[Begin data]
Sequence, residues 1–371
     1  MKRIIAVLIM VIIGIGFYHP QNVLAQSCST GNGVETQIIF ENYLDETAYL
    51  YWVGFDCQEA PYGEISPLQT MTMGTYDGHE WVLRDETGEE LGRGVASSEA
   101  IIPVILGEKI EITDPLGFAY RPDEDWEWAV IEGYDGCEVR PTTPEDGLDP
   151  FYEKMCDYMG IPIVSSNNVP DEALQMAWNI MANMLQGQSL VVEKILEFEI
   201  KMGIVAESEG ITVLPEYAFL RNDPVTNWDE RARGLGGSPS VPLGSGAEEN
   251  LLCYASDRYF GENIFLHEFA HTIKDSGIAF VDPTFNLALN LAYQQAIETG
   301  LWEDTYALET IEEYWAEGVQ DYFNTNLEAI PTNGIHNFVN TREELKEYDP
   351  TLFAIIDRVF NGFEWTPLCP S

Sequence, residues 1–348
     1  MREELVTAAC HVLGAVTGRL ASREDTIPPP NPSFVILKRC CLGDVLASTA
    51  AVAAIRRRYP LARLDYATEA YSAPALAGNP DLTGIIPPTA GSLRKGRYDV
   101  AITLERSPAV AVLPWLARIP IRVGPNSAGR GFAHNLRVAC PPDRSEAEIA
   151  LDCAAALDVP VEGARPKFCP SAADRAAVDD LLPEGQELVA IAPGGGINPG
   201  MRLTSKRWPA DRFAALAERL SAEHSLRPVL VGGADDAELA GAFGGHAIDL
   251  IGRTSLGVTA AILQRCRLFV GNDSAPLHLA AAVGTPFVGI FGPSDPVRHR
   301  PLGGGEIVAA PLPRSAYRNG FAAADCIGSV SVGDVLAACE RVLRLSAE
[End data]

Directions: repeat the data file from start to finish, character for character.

Sequence, residues 1–371
     1  MKRIIAVLIM VIIGIGFYHP QNVLAQSCST GNGVETQIIF ENYLDETAYL
    51  YWVGFDCQEA PYGEISPLQT MTMGTYDGHE WVLRDETGEE LGRGVASSEA
   101  IIPVILGEKI EITDPLGFAY RPDEDWEWAV IEGYDGCEVR PTTPEDGLDP
   151  FYEKMCDYMG IPIVSSNNVP DEALQMAWNI MANMLQGQSL VVEKILEFEI
   201  KMGIVAESEG ITVLPEYAFL RNDPVTNWDE RARGLGGSPS VPLGSGAEEN
   251  LLCYASDRYF GENIFLHEFA HTIKDSGIAF VDPTFNLALN LAYQQAIETG
   301  LWEDTYALET IEEYWAEGVQ DYFNTNLEAI PTNGIHNFVN TREELKEYDP
   351  TLFAIIDRVF NGFEWTPLCP S

Sequence, residues 1–348
     1  MREELVTAAC HVLGAVTGRL ASREDTIPPP NPSFVILKRC CLGDVLASTA
    51  AVAAIRRRYP LARLDYATEA YSAPALAGNP DLTGIIPPTA GSLRKGRYDV
   101  AITLERSPAV AVLPWLARIP IRVGPNSAGR GFAHNLRVAC PPDRSEAEIA
   151  LDCAAALDVP VEGARPKFCP SAADRAAVDD LLPEGQELVA IAPGGGINPG
   201  MRLTSKRWPA DRFAALAERL SAEHSLRPVL VGGADDAELA GAFGGHAIDL
   251  IGRTSLGVTA AILQRCRLFV GNDSAPLHLA AAVGTPFVGI FGPSDPVRHR
   301  PLGGGEIVAA PLPRSAYRNG FAAADCIGSV SVGDVLAACE RVLRLSAE